Fortunately, most of the dangerous substitutes are very rarely seen on the marketplace, with the notable exception of san qi.
Items that share a similar therapeutic effect as the main medicinal but are derived from a species other than the official product listed in the Chinese Pharmacopoeia include:
He Huan Hua (Cantonese substitute is a magnolia flower with similar TCM action to quiet the spirit, but lacks the qi-coursing action of the true product. Also more expensive than the official medicinal)
Jin Qian Cao (Southern variant is often more common than the main medicinal, regarded as very effective)
Ban Lan Gen (Southern variant is often more common than the main medicinal, regarded as very effective)
Unacceptable substitutes in terms of TCM action (but largely non-toxic):
The following items have substitutes that differ in traditional therapeutic effect from the main medicinal, but the mistaken herbs are generally not regarded as being particularly dangerous. In many cases, the substitute herb has not been studied extensively from a chemical and clinical perspective.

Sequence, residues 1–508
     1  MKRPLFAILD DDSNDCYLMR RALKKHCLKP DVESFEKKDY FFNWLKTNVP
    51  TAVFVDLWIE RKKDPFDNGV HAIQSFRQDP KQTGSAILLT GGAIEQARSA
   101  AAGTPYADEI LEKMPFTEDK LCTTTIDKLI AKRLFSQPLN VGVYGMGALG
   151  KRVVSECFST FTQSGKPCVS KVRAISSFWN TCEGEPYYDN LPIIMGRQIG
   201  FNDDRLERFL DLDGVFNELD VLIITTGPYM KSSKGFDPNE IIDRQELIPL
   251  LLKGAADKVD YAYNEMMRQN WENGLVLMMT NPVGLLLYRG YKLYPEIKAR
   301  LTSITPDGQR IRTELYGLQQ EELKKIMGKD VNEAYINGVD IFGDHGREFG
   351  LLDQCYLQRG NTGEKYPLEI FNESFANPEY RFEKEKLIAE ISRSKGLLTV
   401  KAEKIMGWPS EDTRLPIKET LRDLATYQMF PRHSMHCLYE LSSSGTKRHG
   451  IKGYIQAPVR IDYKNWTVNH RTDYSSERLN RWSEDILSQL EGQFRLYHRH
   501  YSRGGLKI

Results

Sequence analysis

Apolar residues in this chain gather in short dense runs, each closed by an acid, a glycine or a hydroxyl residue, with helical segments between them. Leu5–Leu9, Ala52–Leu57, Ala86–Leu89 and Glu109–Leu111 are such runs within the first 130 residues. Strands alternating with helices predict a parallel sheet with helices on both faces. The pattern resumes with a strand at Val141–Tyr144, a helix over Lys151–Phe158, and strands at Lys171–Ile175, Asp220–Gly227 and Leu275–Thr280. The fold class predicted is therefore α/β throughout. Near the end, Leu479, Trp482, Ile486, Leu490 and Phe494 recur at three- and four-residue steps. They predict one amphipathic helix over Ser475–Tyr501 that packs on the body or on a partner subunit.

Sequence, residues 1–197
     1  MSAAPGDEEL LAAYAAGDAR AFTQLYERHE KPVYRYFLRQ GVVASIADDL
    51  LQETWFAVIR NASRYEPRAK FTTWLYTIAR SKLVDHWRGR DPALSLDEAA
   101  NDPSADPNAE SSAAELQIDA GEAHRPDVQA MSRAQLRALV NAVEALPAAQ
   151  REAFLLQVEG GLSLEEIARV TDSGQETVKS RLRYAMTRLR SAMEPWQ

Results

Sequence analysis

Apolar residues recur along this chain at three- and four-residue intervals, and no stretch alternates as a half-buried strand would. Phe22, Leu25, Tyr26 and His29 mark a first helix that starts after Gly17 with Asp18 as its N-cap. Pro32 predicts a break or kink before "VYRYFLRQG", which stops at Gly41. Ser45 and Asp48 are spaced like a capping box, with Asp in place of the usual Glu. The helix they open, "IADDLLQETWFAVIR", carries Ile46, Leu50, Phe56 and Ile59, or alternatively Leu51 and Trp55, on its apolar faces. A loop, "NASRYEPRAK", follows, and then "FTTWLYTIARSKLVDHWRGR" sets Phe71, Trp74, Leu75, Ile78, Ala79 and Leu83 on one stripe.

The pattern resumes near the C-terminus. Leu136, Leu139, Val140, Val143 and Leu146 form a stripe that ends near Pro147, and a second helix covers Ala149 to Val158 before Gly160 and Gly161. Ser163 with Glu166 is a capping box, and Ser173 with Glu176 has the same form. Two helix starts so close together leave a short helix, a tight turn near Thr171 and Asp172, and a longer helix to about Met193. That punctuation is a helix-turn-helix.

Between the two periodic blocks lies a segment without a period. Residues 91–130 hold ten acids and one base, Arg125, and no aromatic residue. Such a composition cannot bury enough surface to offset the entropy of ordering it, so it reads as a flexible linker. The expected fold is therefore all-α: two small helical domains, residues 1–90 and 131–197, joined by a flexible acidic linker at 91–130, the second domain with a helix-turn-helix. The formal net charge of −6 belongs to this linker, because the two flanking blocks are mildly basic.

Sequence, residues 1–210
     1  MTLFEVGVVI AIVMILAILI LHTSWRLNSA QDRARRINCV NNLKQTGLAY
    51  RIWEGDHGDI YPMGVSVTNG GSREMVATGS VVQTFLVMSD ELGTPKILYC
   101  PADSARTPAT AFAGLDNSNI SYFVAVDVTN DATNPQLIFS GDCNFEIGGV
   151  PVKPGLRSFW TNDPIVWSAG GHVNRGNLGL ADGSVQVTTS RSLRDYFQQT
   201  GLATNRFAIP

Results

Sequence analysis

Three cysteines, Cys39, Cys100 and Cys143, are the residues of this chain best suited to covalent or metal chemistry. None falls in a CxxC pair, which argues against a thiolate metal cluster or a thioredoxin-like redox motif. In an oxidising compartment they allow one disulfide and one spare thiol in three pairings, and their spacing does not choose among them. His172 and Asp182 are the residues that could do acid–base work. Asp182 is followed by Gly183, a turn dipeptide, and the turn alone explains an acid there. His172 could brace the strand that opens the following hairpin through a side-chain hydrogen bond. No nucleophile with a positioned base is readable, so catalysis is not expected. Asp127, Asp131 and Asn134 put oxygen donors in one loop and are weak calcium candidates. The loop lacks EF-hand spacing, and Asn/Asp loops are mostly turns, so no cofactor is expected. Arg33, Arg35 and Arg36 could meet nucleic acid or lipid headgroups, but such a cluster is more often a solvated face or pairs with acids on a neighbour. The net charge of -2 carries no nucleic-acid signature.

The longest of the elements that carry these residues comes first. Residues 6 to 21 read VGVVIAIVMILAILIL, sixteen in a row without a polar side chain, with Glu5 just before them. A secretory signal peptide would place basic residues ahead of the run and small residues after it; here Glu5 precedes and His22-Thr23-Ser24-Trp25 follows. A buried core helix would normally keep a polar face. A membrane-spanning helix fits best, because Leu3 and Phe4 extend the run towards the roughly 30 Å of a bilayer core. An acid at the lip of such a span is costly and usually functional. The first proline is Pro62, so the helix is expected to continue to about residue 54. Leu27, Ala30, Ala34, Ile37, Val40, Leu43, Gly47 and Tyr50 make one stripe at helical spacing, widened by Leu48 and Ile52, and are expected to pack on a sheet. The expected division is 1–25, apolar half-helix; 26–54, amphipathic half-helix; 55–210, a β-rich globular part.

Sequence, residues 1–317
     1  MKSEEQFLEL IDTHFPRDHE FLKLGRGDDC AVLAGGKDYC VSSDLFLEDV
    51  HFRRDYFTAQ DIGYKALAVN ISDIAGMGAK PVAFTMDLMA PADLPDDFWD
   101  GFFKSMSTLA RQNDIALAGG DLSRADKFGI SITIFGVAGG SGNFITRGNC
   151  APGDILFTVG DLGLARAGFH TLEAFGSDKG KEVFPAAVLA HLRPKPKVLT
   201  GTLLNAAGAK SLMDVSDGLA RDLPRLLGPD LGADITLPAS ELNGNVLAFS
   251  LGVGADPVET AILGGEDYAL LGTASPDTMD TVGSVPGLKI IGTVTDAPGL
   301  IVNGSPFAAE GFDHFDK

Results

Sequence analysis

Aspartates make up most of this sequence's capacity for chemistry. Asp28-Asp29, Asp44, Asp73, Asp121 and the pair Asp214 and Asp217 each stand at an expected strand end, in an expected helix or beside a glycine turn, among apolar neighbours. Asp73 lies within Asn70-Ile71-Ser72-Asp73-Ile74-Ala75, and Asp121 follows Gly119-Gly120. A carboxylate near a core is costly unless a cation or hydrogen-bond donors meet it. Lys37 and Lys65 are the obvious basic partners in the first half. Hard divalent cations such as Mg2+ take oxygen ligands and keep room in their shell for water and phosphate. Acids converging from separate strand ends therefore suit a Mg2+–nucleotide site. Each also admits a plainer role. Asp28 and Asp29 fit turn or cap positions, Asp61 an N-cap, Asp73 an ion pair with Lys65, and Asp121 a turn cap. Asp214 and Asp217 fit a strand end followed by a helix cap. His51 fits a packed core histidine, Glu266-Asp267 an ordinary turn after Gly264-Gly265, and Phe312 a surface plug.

Chuan Niu Xi
Bai Wei/ Bai Qian
Ji Xue Teng/ Hong Teng (Da Xue Teng)
Bai Tou Weng
Wang Bu Liu Xing
These items have toxic substitutes that are unacceptable for use. With the exception of san qi, most of the toxic substitutes are rarely seen on the US marketplace. Each individual case deserves its own blog and several have been blogged about before, but I will still list them here. Also, read about xi xin in its earlier blog entry.
Fang Ji (must use han fang ji, also known as fen fang ji (stephania), and must rule out the presence of aristolochia root, known as guang fang ji, which contains aristolochic acid)
Mu Tong (Safe species is chuan mu tong, Armand’s clematis. Akebia is also safe but is rare on the market. Must rule out guan mu tong, Manchurian aristolochia, which contains aristolochic acid)
San Qi (see a previous blog, must rule out Rhizoma Tupisra)
Long Dan Cao (dangerous substitute is called gui jiu. Fortunately it is not commonly dispensed)